There, Donde said - recalling from his own experience - temperatures are between 4-5 degrees C, the winds are howling, and the waves are twice the size of their counterparts in the Indian Ocean.
"If the waves there are less than 10 feet high, it's a good enough day to celebrate by frying some dosas," Donde said.
From the Falkland Islands, the women will sail to Cape Town - a journey expected to take 28 days - before their final leg back to Goa, which is estimated to take 42 days.
The officers will hope to build on a relatively young legacy. The navy came up with the first of its circumnavigation initiatives - called Sagar Parikrama - in 2007, and commissioned Aquarius India, a Goa-based company, to develop the boats for the project indigenously.
"It's a fully 'Made in India' initiative," said Vice Admiral A.K. Chawla, the chief of personnel of the Indian Navy.
Donde and Tomy sailed on the INSV Mhadei - with a wooden frame sandwiched between layers of fibreglass - and it was on that boat the six women officers also trained initially. In February 2016, Joshi's team sailed on their maiden independent voyage from Visakhapatnam to Goa.
Then, they tested themselves with a sortie from Goa to Mauritius and back. Next, they sailed from Goa to Cape Town and back. The Tarini - designed exactly like the Mhadei - was inducted in February 2017, and the officers tested their new boat with a series of sorties - from Goa to Mumbai, and then Goa to Porbandar.
They returned from their final test sail - to Mauritius and back - on the Tarini only last month. "We learned everything from scratch - whether it was how to repair stuff, or rescue someone in an emergency," Joshi said. On Wednesday, the officers met Prime Minister Narendra Modi.
Their route around the world isn't either the smoothest or the shortest way to pass by all continents and return to Goa. But to legitimately claim circumnavigation, teams must follow certain rules.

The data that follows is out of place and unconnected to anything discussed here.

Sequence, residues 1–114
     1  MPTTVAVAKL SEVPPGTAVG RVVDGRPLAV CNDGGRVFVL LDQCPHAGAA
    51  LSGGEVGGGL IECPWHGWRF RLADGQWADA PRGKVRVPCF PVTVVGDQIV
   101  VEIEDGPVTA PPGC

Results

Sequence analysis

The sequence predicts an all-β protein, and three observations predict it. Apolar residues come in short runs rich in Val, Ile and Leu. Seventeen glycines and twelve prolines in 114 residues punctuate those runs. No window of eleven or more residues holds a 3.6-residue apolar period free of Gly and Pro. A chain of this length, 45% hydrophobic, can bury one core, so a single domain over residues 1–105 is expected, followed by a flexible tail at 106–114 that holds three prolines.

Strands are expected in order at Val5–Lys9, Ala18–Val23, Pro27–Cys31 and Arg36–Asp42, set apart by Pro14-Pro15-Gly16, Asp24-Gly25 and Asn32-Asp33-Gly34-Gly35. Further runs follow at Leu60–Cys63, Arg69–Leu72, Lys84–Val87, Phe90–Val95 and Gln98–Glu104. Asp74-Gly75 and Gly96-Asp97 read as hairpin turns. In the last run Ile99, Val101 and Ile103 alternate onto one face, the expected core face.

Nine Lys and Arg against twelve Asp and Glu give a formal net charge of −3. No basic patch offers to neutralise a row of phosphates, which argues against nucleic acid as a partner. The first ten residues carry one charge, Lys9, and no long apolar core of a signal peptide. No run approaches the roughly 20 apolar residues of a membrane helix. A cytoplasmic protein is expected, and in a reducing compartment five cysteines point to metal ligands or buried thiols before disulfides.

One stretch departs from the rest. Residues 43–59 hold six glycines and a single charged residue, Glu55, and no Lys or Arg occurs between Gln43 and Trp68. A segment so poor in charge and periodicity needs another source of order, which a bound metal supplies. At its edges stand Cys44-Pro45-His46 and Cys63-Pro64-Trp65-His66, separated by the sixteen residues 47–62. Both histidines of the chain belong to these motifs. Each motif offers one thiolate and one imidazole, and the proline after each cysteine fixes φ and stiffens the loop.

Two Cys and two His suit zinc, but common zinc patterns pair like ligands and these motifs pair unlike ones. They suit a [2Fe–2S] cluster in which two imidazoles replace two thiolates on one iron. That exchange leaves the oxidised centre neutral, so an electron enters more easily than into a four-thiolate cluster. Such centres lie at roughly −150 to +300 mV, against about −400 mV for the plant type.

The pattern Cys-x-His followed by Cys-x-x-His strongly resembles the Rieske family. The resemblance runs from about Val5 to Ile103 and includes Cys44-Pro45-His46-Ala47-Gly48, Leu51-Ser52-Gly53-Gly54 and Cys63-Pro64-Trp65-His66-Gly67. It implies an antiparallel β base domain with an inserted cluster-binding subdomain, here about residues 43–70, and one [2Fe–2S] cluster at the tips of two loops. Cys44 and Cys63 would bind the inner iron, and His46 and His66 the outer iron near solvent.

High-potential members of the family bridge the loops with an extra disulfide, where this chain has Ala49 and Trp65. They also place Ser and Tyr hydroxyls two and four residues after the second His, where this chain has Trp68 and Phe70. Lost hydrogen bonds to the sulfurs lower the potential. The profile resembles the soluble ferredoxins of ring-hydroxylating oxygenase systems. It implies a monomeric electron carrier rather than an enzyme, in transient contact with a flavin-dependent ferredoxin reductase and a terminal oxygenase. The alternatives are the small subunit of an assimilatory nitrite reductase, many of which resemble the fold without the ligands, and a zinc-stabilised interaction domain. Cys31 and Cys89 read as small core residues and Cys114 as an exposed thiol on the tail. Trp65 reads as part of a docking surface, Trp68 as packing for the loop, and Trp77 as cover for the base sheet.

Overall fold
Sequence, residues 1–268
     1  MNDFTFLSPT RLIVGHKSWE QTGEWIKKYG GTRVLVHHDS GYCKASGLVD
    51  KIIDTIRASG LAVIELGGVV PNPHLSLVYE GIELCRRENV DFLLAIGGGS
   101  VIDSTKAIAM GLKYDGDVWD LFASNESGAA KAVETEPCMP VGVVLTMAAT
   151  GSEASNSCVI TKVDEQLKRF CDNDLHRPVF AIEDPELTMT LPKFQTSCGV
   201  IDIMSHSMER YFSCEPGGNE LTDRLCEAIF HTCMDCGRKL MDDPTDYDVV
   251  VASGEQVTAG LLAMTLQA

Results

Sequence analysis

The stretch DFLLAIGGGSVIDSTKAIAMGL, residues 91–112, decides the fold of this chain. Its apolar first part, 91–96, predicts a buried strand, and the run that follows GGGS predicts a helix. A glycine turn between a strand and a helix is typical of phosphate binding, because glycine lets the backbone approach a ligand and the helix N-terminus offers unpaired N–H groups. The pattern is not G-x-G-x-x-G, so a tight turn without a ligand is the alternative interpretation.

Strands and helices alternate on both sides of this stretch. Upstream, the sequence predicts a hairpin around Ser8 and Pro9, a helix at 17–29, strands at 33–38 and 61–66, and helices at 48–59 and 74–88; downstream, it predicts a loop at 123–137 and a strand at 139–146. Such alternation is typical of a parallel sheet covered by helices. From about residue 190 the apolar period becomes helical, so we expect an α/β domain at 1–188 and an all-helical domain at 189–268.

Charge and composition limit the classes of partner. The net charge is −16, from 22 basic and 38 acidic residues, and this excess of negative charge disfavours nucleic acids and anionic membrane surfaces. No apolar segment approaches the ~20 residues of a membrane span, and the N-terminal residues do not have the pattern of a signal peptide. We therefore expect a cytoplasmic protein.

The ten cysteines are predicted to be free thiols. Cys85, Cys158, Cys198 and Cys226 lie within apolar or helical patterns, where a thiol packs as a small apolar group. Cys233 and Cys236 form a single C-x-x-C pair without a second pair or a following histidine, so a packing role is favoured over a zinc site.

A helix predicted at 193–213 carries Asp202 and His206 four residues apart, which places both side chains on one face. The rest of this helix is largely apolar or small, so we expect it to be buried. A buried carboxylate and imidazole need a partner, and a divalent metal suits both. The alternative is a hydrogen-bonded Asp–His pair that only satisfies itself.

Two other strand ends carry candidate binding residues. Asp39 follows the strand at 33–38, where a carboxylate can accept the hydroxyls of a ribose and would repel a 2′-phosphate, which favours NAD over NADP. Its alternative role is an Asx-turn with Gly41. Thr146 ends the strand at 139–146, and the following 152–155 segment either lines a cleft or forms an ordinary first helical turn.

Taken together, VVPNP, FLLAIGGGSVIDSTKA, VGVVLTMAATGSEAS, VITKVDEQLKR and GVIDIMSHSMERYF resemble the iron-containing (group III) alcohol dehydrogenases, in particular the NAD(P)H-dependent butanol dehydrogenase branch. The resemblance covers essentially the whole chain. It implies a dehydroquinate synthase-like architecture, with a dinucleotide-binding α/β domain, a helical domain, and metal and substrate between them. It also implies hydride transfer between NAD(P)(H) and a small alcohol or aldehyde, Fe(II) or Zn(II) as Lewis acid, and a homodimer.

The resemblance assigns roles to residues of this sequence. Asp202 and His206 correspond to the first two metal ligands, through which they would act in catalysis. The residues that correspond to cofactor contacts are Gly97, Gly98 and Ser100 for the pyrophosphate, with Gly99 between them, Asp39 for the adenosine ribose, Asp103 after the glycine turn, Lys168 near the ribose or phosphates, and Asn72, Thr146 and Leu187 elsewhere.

They must not only cross all meridians and return to the spot they started from - but must avoid straits and canals. They must cross the equator twice and the dateline once, round the great capes - the southern tips of Africa and South America - and must travel more than 21,600 nautical miles, the circumference of the earth.
Apart from their laptops and books, the officers will have satellite phones they can use to communicate with land.
But though there is no bar on speaking with family members, Tomy said he avoided it during his five-month, non-stop journey. "You have a task at hand, I found it best to focus on that," he said today.
For at least some of the officers, though, the biggest challenge ahead isn't either the time away from home or the prospect of rough seas. It's the future, after they return from their adventure.
The Indian Navy, Chawla said, is committed to moving towards allowing women at sea on ships. "We are committed to it, and are working towards it, over a period of time," he said, calling the women "pioneers" who will "set a new benchmark".
Joshi can hardly wait.
She was sitting at her office computer in 2014, when she saw an internal navy alert on the chance to train for sailing expeditions. She reached out to Donde, the trainer, and now struggles to imagine a life back at her desk.
"Once I finish this, I would like to stay involved in sailing," Joshi said. "I can't picture anything else. I would like to never lose sight of the sea."